But I would ask: why do you say you're having a hard time? That might mean that you get stuck actually writing, or that you think passages you've writted don't work very well. Or it might mean you are getting comments from beta readers. Each of those three scenarios means something rather different.
 

sule

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But I would ask: why do you say you're having a hard time? That might mean that you get stuck actually writing, or that you think passages you've writted don't work very well. Or it might mean you are getting comments from beta readers. Each of those three scenarios means something rather different.
So the problem I'm currently experiencing is that I've written a piece in close third person. Now that I'm going back through it I feel like the voice of the character just isn't coming through in the descriptions as much as I wanted. I haven't shown it to any beta readers yet because I wanted to do at least one more edit before letting others see it. Reading the input from this forum it sounds like I need to go back and make sure I know what the character's voice sounds like so I know what parts of the piece need to be adjusted to be brought back into their voice.
 

HareBrain

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Reading the input from this forum it sounds like I need to go back and make sure I know what the character's voice sounds like

Writing in first person would seem to be the obvious first step. Above, you said you'd tried this but something was lost when translating to third. I'd be interested to hear more about those difficulties, because you should be able to get a workable version just by changing person and leaving most of it untouched.
 

Steve Harrison

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I write in close third using multiple POV characters, but I don't worry about 'voice' in a conscious way. I just allow the characters to express themselves through the prism of their own 'existence' and voice takes care of itself by developing organically.

I find this much easier than a wider POV, as I imagine I am sitting on the shoulder of the character, seeing what he sees and simultaneously reading his mind!

And by using this method for all the main characters, I can also maintain a consistency in my writing throughout the novel that hopefully is not jarring for the reader.
 

sknox

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>the voice of the character just isn't coming through in the descriptions
This mystifies me. There's no character voice in 3rd person, at least not in my understanding. It's the narrator's voice. First person is the choice for character voice. (points for rhyme!) Maybe I'm way off base on this, so please do ignore me if other advice makes more sense for you.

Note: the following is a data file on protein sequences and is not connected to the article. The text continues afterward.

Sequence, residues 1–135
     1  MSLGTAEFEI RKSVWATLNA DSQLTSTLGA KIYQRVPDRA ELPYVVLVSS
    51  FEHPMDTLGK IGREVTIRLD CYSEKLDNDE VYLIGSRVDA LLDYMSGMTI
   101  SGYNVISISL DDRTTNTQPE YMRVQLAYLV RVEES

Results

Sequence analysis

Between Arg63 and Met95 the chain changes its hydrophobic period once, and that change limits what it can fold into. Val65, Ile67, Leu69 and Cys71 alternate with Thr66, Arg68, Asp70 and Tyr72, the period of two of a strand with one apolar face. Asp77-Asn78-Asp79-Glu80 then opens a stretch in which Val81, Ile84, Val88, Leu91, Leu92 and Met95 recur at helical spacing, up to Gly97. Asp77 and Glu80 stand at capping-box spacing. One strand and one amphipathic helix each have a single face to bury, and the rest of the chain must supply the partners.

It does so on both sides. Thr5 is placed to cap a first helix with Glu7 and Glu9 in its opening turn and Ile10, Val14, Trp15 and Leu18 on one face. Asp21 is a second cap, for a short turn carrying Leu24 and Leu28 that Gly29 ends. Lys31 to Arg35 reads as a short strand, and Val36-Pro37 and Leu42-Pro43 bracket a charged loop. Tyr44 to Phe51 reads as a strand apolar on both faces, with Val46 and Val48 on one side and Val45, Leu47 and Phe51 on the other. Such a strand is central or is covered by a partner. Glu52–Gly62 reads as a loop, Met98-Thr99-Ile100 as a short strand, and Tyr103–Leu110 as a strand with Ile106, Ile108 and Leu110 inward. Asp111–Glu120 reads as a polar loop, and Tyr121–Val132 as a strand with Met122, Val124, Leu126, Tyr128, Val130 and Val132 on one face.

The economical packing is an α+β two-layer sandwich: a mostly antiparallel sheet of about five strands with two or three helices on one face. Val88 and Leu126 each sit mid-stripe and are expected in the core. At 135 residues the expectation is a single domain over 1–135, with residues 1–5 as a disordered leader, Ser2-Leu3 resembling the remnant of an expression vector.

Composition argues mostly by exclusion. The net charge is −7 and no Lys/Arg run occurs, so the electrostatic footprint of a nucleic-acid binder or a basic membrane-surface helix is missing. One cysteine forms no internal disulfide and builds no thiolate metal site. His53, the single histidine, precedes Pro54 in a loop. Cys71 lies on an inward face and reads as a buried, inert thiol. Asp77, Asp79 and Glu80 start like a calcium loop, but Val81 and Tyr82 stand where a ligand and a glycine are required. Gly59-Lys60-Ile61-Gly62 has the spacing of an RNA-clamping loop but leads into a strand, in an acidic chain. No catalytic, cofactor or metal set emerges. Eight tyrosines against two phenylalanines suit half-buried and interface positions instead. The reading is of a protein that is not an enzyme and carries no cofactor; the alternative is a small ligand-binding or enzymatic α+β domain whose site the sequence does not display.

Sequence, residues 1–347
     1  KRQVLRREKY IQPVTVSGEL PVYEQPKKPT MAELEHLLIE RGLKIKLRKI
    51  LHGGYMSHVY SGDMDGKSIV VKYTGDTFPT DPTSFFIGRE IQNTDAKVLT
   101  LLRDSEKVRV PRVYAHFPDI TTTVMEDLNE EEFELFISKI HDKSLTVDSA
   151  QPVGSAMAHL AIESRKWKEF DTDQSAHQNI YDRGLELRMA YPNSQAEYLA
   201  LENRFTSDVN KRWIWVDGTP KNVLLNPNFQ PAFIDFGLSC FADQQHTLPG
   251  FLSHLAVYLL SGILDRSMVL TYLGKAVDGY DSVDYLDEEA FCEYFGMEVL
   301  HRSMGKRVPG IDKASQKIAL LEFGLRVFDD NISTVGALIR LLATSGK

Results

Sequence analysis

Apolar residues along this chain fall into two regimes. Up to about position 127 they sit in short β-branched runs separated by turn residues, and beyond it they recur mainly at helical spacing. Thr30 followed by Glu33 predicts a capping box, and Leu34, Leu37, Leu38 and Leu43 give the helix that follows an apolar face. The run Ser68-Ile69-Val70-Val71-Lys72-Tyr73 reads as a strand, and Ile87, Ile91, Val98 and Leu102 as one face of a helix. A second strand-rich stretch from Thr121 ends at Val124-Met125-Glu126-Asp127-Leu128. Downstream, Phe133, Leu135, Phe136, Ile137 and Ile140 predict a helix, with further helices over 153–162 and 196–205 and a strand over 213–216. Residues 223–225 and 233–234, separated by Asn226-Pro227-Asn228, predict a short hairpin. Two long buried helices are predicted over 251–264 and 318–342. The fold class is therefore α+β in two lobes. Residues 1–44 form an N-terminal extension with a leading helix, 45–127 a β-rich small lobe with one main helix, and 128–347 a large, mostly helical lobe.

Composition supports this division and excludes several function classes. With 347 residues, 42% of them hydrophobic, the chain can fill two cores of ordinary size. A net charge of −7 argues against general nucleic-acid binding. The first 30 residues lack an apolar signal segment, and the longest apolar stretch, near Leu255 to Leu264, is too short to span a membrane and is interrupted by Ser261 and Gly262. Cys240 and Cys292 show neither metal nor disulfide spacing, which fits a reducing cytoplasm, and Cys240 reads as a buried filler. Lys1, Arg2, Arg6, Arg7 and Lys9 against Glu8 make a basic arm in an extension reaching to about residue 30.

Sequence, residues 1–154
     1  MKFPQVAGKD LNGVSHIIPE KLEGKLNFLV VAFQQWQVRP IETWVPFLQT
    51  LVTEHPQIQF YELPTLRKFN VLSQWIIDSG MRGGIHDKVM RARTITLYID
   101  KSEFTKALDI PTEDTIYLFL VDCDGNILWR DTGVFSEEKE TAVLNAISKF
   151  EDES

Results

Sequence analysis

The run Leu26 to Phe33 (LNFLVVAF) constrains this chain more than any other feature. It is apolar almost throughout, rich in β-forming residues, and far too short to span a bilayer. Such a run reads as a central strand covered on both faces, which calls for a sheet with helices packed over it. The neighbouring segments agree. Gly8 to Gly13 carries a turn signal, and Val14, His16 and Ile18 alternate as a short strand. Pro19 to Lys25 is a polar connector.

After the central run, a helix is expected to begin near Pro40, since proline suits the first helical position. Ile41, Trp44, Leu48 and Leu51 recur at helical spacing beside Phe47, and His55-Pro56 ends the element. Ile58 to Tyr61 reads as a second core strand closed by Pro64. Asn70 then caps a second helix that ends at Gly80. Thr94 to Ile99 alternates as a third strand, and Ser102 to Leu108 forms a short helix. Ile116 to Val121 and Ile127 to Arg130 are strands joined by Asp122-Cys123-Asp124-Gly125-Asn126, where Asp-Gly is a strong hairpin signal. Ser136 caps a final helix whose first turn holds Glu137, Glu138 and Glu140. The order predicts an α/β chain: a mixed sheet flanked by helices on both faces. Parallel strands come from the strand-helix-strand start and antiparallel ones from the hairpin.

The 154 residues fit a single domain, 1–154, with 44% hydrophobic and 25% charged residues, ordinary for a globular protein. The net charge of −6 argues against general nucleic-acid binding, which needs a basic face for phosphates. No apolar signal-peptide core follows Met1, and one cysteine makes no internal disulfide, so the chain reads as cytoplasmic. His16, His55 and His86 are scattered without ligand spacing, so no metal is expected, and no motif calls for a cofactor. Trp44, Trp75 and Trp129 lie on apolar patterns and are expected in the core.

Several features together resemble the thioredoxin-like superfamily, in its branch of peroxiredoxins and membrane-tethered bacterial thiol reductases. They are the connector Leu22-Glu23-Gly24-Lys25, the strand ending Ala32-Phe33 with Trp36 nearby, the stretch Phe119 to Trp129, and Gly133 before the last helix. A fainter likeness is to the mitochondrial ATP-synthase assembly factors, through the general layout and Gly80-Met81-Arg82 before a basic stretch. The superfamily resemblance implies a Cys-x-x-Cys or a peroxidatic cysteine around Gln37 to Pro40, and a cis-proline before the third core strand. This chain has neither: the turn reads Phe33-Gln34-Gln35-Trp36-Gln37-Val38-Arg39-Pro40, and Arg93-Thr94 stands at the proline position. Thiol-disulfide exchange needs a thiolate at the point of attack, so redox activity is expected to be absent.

-K2-

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>the voice of the character just isn't coming through in the descriptions
This mystifies me. There's no character voice in 3rd person, at least not in my understanding. It's the narrator's voice. First person is the choice for character voice. (points for rhyme!) Maybe I'm way off base on this, so please do ignore me if other advice makes more sense for you.

Isn't there? That 'is' a question.

What I'm writing, each character obviously has their own vocabulary, quirks, manners of phrasing and so on. They also react (verbally and with action) consistently for themselves yet uniquely compared to others. When the viewpoint is a particular character's, they cue in on certain things others don't (when it's the other character's pov), and to a much lesser degree, I even try and adjust my close narration to make it just slightly different than other characters... Naturally, each character's inner thoughts are extremely personal to them.

Is that wrong?

JFTR, besides most of my characters reflecting my own self at some stage of my life (or a combination of points), I always for most major characters imagine myself in the role as though playing the part. That even comes down to physical characteristics (expressions, manner of walking, moving, physical limitations), and when it's that character's POV I live out every second of the chapter in defined and explicit detail in my mind. I'll even try out, actually act out the part openly to see if it works at times.

K2
 

sknox

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>Is that wrong?

Damnifiknow. Prolly not. I was just saying how I see it. I can't even envision how I would put character voice in the narration and still have a narrator. But play on, brother. I'm reading James Joyce's Ulysses right now, so I'm open to just about anything, as long as it's the other fellow doing the writing. <g>
 

sule

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This mystifies me. There's no character voice in 3rd person, at least not in my understanding. It's the narrator's voice. First person is the choice for character voice. (points for rhyme!)
It's possible my calling it character 'voice' is the wrong way to put it and I agree with you that first person is designed to be more entrenched in a character's voice. I've just been trying to push myself in my writing and part of that was having distinct POV narrators in third person, making sure that the narration sounds distinct to each POV character. Specifically for me I am working on doing descriptions of settings in a way that sound distinct to the POV character, which I had originally thought was kind of like handing them a camera and letting them point it at whatever interests them but in going back over it I felt that it was lacking a bit in their interpretation of their surroundings and so now that's what I'm working on adding in.
 

HareBrain

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>the voice of the character just isn't coming through in the descriptions
This mystifies me. There's no character voice in 3rd person, at least not in my understanding. It's the narrator's voice. First person is the choice for character voice. (points for rhyme!) Maybe I'm way off base on this, so please do ignore me if other advice makes more sense for you.

Professor Tweed studied the tree. It was a splendid example of the Douglas Fir, Pseudotsuga menziesii, which he estimated at ninety metres tall.

Jack gawped up at the tree. It was one of those with needles not leaves, and it was holy sh*t as tall as Godzilla or something.